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Blockers

Overview

Blockers are one of Flat's superpowers, letting anyone record, assign, and discuss what's stopping progress, so there's never a question like "is this blocked?", "what's it blocked on?", "who's responsible for addressing it?", or "what's the latest update?".
If you're coming to Flat from another tool, you may be accustomed to thinking of "blocking" merely as a relationship between topics. While Flat does support that, read on to see how Flat's approach has extra capabilities that are both lighter weight and more flexible and practical.

Key concepts

In Flat, a blocker is a special type of topic thread indicating that progress on a topic is stuck.
Like a regular topic thread, you can assign a blocker to a teammate to make them accountable for following up. It'll be shown prominently in their threads view. And you can resolve the blocker when it's no longer an issue.
Unlike regular topic threads, blockers have additional capabilities:
  • A blocker has a brief description summarizing what's stopping the topic from progressing. The description can be either a short snippet of text, like an email subject line, or it can be a link to another topic.
  • When a topic has a blocker, its brief description is shown prominently in the workspace on the topic's card. That makes it clear to everyone on the team not only that a topic is blocked but also why.
Because Flat displays blockers prominently, create them judiciously and only when progress on a topic is truly stuck. That way, when you and your team see a blocker, you'll know it demands your attention to resolve.

Use cases

Blockers are designed to be lightweight and flexible and can model all sorts of day-to-day activities on your team. Below are a few examples.
These are just a few examples of how your team could use blockers. It's OK to experiment, find the practices that align with how your team likes to work, and evolve your practices over time.

Progress is stuck on a critical issue

Imagine a junior team member is working on a topic and discovers a major gap in the plan. They can't continue work until the gap is addressed. They open a blocker on the topic with a brief description like "Need to fix gap in the project plan", add a comment with additional details, and assign it to a more senior member of the team. Once the plan is fixed, they resolve the blocker.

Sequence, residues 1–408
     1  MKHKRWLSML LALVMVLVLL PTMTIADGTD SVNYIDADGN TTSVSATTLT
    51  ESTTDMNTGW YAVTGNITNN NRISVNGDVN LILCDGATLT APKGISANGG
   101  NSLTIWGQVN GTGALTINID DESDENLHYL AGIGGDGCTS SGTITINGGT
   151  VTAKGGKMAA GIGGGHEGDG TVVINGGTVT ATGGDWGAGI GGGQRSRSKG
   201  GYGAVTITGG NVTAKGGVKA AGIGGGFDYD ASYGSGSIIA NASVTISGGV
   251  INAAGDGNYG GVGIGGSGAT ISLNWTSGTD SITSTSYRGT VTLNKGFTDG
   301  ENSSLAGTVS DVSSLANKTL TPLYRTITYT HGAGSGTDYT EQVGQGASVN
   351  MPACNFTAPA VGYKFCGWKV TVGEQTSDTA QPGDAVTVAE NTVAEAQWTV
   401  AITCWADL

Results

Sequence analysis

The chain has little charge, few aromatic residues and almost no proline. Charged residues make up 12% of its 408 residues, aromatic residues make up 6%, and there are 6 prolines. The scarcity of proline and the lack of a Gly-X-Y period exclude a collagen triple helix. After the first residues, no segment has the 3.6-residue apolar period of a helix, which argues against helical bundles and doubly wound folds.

Critical dependency between topics

Imagine a team is working on a new product feature. They've already developed it, but they don't want to share it publicly until they file a patent application, which is being tracked as a separate topic. So, the team creates a blocker on the product feature topic linked to the patent application topic. That way, it's clear to everyone on the team why the product feature hasn't been released publicly yet.

Responses from a third party

Imagine a team member is working on a topic to address an issue that's affecting a particular customer. They need some clarification from the customer to properly address the issue, so they reach out to get that information. In the meantime, they add a blocker to the topic with a brief description like "Waiting on customer to provide clarification". Now it's clear to their manager (and the entire team!) why the topic isn't moving forward.

External constraints

Imagine a software developer is working on a technical investment to switch from one third-party library to a new one that's a better fit. However, they discover the new library is currently missing a critical capability that the library authors plan to add in the future. The developer adds a blocker to the topic with a brief description like "Waiting on library ABC to support XYZ". Now the team won't forget why this technical investment is stalled. If they revisit the topic in the future, they'll be able to quickly assess whether it can now move forward.

Step-by-step

Creating a blocker with a text description

To create a blocker to a topic with a text description, visit the topic's page and click New blocker toward the upper right corner, then provide a brief description and submit. You can optionally assign the blocker to a team member by picking their name from the dropdown.
We recommend keeping the blocker description brief, around ten words or so, so that teammates can quickly understand the basic issue. If you want to provide more detail, remember, the blocker is also a topic thread. Try adding that additional detail in a comment.

Linking to another topic as a blocker

To create a blocker that links to another topic, visit the topic's page and click New blocker toward the upper right corner, then in the input field type # to bring up a search popup where you can search for the other topic by ID or text. You can optionally assign the blocker to a team member by picking their name from the dropdown.

Editing a blocker's description

To edit a blocker's description, visit the topic's page and click the blocker's ellipsis menu.

Viewing, assigning, and resolving blockers

Blockers are a special type of topic thread, so viewing, assigning, and resolving blockers are exactly the same as any topic thread.
Learn more: Topic threads